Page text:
An Oklahoma pharmacist faces up to 20 years in a federal prison and a $500,000 fine after pleading guilty to two counts of felony health care fraud. The 37-year-old man was indicted by a federal grand jury in March for filing false Medicare and Medicaid claims, and Oklahoma prosecutors announced in April that he had been charged with 40 counts of insurance fraud. The man’s guilty pleas were entered as part of a negotiated agreement with prosecutors.
The man is said to have made almost $1.1 million by billing Medicare, Medicaid and Oklahoma City-based SoonerCare for medicine that had never been prescribed by a physician for patients. The terms of his plea agreement require him to forfeit real estate in Greer County and pay restitution of $753,000 to Medicare and $338,000 to Medicaid. If he had been convicted at trial, the man could have been sentenced to 10 years in prison and ordered to pay a $250,000 fine for each of the 40 counts he faced.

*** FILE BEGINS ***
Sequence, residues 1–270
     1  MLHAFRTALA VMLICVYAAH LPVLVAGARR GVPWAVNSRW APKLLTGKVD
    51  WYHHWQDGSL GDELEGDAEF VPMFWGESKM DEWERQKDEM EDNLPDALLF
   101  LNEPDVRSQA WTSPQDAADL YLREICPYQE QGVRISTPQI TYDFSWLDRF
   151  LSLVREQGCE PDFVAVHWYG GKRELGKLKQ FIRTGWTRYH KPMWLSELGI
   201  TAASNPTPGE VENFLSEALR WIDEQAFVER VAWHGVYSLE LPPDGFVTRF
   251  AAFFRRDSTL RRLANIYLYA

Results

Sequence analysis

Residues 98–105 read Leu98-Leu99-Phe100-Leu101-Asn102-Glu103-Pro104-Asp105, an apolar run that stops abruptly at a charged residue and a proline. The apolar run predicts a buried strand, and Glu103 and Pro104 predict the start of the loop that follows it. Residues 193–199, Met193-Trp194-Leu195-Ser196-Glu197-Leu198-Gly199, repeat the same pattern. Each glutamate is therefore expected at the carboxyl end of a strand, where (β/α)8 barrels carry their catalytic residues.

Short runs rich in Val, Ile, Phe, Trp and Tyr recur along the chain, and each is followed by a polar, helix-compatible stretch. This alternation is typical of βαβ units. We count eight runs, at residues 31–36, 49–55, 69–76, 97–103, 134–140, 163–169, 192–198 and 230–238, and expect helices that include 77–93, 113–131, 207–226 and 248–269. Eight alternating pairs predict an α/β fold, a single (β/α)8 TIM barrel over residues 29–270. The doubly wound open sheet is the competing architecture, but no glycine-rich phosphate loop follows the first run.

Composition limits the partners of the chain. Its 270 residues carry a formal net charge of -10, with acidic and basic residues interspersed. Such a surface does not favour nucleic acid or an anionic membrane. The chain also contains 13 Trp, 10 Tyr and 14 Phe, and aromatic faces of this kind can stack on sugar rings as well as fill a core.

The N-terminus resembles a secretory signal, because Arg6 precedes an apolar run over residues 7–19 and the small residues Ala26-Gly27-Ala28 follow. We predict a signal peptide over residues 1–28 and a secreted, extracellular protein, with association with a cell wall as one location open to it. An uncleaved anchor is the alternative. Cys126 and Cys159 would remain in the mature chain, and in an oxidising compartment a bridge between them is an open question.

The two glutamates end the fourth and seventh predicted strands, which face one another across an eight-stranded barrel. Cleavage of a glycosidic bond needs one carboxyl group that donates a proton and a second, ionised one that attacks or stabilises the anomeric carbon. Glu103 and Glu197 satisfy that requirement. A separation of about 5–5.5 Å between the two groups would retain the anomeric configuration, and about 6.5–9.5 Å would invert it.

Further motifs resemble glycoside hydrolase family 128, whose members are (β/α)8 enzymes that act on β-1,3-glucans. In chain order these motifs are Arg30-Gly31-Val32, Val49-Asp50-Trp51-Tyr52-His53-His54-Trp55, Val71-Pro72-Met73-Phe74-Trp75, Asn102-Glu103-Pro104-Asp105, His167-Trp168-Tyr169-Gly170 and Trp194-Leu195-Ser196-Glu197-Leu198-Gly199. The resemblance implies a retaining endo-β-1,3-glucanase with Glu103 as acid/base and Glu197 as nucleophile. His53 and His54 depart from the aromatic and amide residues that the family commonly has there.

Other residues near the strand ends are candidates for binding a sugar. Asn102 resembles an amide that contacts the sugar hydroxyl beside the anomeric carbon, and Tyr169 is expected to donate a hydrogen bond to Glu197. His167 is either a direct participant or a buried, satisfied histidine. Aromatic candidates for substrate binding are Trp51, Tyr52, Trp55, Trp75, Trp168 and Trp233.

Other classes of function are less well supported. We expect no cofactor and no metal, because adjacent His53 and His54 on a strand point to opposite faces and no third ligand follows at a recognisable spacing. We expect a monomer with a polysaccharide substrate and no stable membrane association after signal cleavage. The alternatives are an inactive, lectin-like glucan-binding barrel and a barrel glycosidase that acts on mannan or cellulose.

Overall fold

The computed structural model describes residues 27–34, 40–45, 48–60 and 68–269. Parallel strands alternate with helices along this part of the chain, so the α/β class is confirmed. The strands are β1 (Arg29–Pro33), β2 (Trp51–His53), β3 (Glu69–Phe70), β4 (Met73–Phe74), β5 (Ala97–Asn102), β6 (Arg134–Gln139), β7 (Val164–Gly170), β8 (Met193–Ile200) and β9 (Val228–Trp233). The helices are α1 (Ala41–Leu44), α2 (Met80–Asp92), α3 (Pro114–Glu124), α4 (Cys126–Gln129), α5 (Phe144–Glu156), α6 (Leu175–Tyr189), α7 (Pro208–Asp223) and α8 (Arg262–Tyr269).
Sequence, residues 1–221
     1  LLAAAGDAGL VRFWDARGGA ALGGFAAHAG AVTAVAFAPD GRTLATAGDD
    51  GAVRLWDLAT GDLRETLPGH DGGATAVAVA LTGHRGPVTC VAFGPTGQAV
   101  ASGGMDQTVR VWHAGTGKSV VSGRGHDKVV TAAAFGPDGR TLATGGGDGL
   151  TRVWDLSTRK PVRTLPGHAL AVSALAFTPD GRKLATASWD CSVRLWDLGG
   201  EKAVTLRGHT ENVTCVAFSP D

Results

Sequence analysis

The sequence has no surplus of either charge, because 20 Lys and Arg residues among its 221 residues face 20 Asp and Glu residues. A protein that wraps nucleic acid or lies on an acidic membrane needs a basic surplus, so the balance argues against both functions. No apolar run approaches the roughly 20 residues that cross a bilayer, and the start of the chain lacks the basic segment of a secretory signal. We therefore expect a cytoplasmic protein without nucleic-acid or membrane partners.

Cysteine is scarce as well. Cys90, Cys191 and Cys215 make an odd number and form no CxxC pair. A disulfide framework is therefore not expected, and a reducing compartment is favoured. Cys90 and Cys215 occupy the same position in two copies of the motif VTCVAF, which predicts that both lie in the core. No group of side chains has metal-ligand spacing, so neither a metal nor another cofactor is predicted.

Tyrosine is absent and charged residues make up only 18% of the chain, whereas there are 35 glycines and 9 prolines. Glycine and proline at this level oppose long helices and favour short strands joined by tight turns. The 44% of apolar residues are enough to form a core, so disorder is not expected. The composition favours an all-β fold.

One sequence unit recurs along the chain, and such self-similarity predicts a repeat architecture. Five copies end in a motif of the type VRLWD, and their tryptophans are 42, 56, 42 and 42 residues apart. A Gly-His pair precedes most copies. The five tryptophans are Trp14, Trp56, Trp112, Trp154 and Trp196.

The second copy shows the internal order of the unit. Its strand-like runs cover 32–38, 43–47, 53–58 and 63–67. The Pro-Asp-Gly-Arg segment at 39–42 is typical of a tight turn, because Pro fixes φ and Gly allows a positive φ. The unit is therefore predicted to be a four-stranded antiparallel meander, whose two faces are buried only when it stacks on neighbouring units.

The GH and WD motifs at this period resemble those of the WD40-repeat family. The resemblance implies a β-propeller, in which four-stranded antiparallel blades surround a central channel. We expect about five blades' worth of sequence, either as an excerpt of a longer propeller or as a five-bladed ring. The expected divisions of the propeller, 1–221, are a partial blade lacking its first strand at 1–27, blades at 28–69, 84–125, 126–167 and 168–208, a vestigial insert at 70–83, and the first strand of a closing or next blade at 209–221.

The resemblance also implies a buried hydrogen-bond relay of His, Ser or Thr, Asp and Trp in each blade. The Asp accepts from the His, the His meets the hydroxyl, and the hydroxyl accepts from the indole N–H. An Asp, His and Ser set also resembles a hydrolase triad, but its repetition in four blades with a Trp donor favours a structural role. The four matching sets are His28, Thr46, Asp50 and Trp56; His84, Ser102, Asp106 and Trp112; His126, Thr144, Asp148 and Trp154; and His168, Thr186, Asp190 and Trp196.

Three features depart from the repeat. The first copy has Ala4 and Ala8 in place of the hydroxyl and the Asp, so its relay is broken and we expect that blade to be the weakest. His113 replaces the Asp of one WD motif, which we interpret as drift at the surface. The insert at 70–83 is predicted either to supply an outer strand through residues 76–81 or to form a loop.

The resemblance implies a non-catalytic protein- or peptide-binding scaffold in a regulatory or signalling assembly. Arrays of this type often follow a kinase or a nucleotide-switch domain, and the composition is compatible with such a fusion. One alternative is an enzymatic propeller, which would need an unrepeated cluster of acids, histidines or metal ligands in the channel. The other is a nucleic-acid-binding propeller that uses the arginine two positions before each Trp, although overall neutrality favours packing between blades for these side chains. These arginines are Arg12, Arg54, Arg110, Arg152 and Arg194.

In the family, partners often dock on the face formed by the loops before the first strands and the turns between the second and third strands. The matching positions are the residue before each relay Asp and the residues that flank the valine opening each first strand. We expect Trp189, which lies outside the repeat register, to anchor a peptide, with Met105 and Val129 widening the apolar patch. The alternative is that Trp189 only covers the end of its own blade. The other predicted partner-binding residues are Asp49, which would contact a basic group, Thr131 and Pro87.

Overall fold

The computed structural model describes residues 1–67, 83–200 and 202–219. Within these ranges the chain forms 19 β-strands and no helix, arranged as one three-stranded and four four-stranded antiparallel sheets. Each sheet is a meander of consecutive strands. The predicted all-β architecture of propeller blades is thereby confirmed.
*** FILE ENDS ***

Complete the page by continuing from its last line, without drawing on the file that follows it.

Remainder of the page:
Oklahoma Attorney General Mike Hunter said in a press statement that his office takes health care fraud extremely seriously because it affects the state’s most vulnerable residents and costs taxpayers millions of dollars each year. The man is expected to be sentenced later in the year.
Prosecutors often charge defendants with multiple counts in cases involving white-collar crimes to give themselves a strong position from which to begin plea negotiations. This position is usually bolstered by the evidence like documents that are difficult to refute. Criminal defense attorneys with experience in this area may anticipate this strategy and advise their clients not to be alarmed by it. Attorneys may also point out that prosecutors tend to avoid court if they can when their cases are complex and the victims are corporations or government agencies.
Source: Insurance Journal, Oklahoma Pharmacist Pleads Guilty to Fraud; Agrees to Pay $1M Restitution, Staff report, Aug. 14, 2019